FN: Sourcing has been another big focus for you this year. With prices rising up and down the supply chain, how is the company being affected?
DS: One of our terrific competencies is in sourcing. We source 70 million to 75 million shoes a year. The price increases have been coming around the bend for a lot of different reasons. [We’re seeing] labor rate increases, higher petroleum costs and just [overall] inflation. In terms of price increases, they’re still talking anywhere from 5 percent to 15 percent depending on what kind of product it is.
FN: Are you looking to areas outside of southern China to mitigate the cost increases?
DS: We’ve continued to look for ways to move some of our sourcing north to other factories, while keeping some of it in southern China. The teams are pretty aggressive, and we have great partnerships with a number of factory groups who are also going to new territories. So we’re constantly trying to push the envelope and look for what the next frontier is going to be.
FN: Are consumers noticing the price increases?
DS: It’s early in the cycle. It’s really been the last 30 to 60 days that consumers have seen the first increases at retail. So it’s hard to tell how they’re going to behave, but we’re keeping our eye on it very carefully. How a woman in Wal-Mart looks at [the situation] might be different from a family in Famous Footwear or someone shopping at Macy’s. That’s the great thing about our platform. We have the ability to see what’s happening in multiple channels of distribution.
RF: I have a tremendous amount of faith in the resourcefulness and intellectual capability of our company and the industry. We’re going to continue to develop ways to meet those consumer needs in a very efficient and effective way. When the pricing mechanism first came down, we didn’t lead our customer conversations with cost. We led those conversations by talking about how we could create product and prices that work for each customer. That’s the beauty of working in such a broad spectrum. [Whether customers] are trading up or trading down, we still have an opportunity to serve them.
FN: What’s your take on the current trade show landscape, given the addition of two new FFANY shows and declining attendance at WSA?
RF: Right now, it’s chaotic, a little bit like the marketplace. We need to keep dialoguing amongst the industry to figure out how we [go forward] in an orderly fashion. How many shows are necessary will blossom out of the work. People have to get used to the fact that not every show is going to be attended by every person. It’s got to be an efficient and effective model.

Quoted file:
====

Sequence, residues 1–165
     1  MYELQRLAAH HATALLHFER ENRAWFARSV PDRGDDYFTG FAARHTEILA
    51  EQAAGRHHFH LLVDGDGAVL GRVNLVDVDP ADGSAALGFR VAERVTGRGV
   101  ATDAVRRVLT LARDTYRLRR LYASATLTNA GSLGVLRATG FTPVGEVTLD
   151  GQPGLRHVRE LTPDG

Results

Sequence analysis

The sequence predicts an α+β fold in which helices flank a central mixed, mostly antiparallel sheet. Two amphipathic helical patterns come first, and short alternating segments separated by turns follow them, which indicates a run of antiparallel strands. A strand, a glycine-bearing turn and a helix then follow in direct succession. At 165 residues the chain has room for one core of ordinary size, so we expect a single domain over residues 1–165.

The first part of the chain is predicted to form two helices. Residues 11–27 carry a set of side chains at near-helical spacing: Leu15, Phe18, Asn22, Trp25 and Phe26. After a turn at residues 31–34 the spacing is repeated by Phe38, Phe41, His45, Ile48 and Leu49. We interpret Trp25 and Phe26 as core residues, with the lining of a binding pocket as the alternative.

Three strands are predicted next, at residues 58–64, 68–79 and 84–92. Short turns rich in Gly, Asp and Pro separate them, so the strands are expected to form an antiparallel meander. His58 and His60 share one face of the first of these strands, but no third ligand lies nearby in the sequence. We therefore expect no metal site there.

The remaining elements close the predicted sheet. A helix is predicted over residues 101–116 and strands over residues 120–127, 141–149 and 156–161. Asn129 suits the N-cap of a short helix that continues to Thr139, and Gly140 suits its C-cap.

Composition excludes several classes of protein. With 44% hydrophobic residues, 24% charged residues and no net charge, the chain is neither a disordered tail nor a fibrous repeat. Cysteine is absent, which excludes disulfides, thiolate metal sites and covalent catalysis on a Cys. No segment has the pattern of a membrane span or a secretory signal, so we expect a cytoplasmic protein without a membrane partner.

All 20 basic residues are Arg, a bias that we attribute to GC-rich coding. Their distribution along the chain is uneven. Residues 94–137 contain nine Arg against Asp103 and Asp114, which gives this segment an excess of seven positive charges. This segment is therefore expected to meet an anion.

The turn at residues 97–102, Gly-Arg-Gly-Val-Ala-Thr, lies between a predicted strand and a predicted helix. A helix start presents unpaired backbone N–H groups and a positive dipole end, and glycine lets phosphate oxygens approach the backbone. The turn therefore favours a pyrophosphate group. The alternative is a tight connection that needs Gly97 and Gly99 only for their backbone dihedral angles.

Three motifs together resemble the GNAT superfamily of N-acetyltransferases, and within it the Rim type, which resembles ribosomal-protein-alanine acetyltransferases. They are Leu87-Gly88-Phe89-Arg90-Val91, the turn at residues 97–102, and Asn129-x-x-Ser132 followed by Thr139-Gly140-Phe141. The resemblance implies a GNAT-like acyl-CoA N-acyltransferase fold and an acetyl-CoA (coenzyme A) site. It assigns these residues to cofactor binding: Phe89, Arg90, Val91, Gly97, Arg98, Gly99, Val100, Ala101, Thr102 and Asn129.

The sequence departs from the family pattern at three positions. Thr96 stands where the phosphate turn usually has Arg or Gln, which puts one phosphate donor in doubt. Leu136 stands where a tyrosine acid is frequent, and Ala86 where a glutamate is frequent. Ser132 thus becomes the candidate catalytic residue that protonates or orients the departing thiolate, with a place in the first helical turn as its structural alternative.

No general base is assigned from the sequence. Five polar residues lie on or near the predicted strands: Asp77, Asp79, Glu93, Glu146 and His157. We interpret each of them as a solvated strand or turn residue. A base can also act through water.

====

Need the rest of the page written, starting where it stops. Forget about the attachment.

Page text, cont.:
There’s a reason for FFANY and WSA, a reason for Micam, for all of them. It’s up to each company [to figure out] how they execute their strategy. It would be great to organize when those shows occur so they would coincide with when product flowed, when orders are placed. We talked about the philosophy of managing inventory, about less, more often. Does that mean more shows? Probably. But then it also probably means different shows.
FN: Which other executives do you admire in the footwear industry?
RF: There’s a group of people who always stand out. You’ve got to admire what Vince Camuto has done, what Robert Greenberg has done, what Stuart Weitzman has done. [They have] a combination of great marketing and great product, and they have been able to make a great statement in the industry. I’ve always admired Wayne Weaver. He started at Brown and he’s just a really talented shoe guy. Another person I admire in a different way is Steven Nichols. He’s quieter [about doing things], but he has a strong perspective and [runs his business] with a lot of character. And it’s never a bad thing to talk about the best, Nike. Phil [Knight] has just done amazing things for that company — from an organizational and marketing process. We’ve got lots of people to emulate.
DS: The industry is loaded with terrific and talented people, and Ron’s mentioned a lot of them. It’s so hard to pick your favorites, but I really respect Steven Nichols a lot, and Tim O’Donovan. What he’s done with that whole team at Wolverine World Wide is terrific. And how many people have done it twice like Robert Greenberg? The company I really admire right now is VF Corp. They have done an amazing job in transforming the company over the past five years.
FN: Is being a public firm more difficult in challenging economic times?
RF: Yes, it’s more challenging today — and maybe different than it was — but one of the really good things about being a public company is that we have a great board of directors and we’re very committed to doing things for the long-term success of the enterprise. We don’t focus on quarterly numbers. We’re doing the right thing for our shareholders. And there’s a stability with being a public company that our employees like.
DS: The other upside of it is that you’re forced to think about your shareholders in a balanced way. Your shareholders, your customers, your retailers — they’re all your partners.
FN: You’ve accomplished a lot over the past few years. How much do you have left to do?
RF: Good is the enemy of great, so we can always do better. Our concept is continuous improvement. We think we are doing better … so that gives us the motivation and desire to seize on that.
DS: You can play, you can compete, or you can win. And we want to win. There’s more to achieve and there’s more to give.